(4)Freud did not call his "mythological science" Freudianism, but rather Psychoanalysis; the roots of his thought/language were in ancient Greek mythology and the neuroscience of his day. Psychoanalysis takes on various permutations and manifestations due to its buoyant metaphorical language. Major psychoanalytic theorists such as Erikson, Bettelheim, Kohut, Winnicott, Klein, and Lacan, creatively and brilliantly, extrapolate from Freud's language and logic, making new and different "roads" and expanding psychoanalytic thought.

Psychoanalysis reminds us that we come from oceanic "origins": the blissful state of amniotic/symbiotic existence with the Mother (the child experiences this omnipotent feeling of power again , in sophisticated form, through our class "picture narratives"). The umbilical cord is cut, but the "psychological umbilical cord" remains after birth; in our first years of life our identity and sensations of Self are still largely tied to the Mother. Psychoanalyst Otto Rank coined the phrase "Birth Trauma" to characterize/describe the initial shock that comes from our forced exit from the womb. (Eric Neumann argues that this event is like being forced from "The Garden of Eden".) This is the child's first encounter with Erikson's stage of Trust vs. Mistrust. The Mother is biologically "programmed" to respond to the child's needs. (This is often "intuitive" and therefore the Mother can often satisfy the child's specific needs without being explicitly conscious of the child's desires/needs, i.e., correctly interpreting, and even lactating, to various baby-scream tones). The mother creates the "external environmental holding".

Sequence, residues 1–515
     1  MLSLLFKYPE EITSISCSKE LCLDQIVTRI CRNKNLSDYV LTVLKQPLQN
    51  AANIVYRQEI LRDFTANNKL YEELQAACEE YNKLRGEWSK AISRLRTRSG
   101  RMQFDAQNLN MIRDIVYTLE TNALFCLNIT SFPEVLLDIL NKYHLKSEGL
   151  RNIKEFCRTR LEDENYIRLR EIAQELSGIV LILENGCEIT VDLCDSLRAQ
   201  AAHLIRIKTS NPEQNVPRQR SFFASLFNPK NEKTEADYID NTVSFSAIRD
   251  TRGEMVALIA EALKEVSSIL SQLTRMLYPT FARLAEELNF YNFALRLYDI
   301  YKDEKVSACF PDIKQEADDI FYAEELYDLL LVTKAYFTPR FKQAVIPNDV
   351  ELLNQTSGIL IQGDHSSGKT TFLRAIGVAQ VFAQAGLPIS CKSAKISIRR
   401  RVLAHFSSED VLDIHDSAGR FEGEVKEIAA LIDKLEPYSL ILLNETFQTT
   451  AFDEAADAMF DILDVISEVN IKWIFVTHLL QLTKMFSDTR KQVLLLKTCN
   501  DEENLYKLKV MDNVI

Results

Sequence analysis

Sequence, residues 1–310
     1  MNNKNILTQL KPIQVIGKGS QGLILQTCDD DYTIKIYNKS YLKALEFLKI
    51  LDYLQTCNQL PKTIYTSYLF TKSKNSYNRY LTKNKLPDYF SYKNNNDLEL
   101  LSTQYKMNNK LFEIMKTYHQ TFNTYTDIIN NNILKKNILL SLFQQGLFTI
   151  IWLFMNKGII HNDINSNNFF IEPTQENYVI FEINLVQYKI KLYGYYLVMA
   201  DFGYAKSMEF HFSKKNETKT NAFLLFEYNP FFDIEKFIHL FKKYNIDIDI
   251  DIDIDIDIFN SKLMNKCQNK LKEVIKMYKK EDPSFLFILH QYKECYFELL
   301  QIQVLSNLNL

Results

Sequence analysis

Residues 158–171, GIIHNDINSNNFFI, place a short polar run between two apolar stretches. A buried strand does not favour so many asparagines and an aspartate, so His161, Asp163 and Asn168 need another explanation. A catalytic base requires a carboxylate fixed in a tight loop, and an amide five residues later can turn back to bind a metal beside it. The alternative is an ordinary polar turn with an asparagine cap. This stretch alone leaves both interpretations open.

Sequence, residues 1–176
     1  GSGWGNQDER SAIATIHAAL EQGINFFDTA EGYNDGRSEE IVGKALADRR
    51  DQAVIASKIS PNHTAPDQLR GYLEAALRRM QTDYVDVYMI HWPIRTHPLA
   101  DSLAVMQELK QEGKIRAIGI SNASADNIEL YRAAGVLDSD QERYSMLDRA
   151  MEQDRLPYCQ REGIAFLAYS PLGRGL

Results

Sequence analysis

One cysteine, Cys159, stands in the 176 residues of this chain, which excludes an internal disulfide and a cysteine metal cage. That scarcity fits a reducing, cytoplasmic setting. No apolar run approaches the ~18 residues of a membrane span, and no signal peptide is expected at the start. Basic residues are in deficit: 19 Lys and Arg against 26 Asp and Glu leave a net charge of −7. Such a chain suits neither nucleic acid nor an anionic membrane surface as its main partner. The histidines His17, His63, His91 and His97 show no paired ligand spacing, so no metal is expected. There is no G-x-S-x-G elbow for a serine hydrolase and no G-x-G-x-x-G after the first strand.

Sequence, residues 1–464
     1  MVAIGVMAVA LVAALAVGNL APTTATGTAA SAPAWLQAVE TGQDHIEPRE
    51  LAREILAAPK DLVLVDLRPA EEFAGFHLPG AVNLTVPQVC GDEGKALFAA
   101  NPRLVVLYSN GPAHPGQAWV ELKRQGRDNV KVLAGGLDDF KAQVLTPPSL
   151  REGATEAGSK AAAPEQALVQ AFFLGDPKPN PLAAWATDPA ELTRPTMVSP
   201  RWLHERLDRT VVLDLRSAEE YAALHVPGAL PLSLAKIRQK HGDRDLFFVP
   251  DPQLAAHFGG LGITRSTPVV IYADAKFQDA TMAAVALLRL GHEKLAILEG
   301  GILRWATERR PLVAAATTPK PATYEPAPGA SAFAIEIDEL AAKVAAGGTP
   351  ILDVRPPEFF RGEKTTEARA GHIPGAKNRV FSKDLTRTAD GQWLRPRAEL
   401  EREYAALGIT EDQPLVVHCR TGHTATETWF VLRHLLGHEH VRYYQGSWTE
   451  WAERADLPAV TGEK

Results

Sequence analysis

We understand that we are trying to perceive this life-process phenomenon through "metaphors and metonymns". "Shame and Doubt" may be inflicted on the child through what Heinz Kohut calls the "incomprehensible drop". The child seeks affirmation for his adventurous experimentations in his/her newly discovered external world. If a parent or primary caregiver reprimands the child too harshly/suddenly, the child doesn't learn to trust his "instincts" and natural "motivations."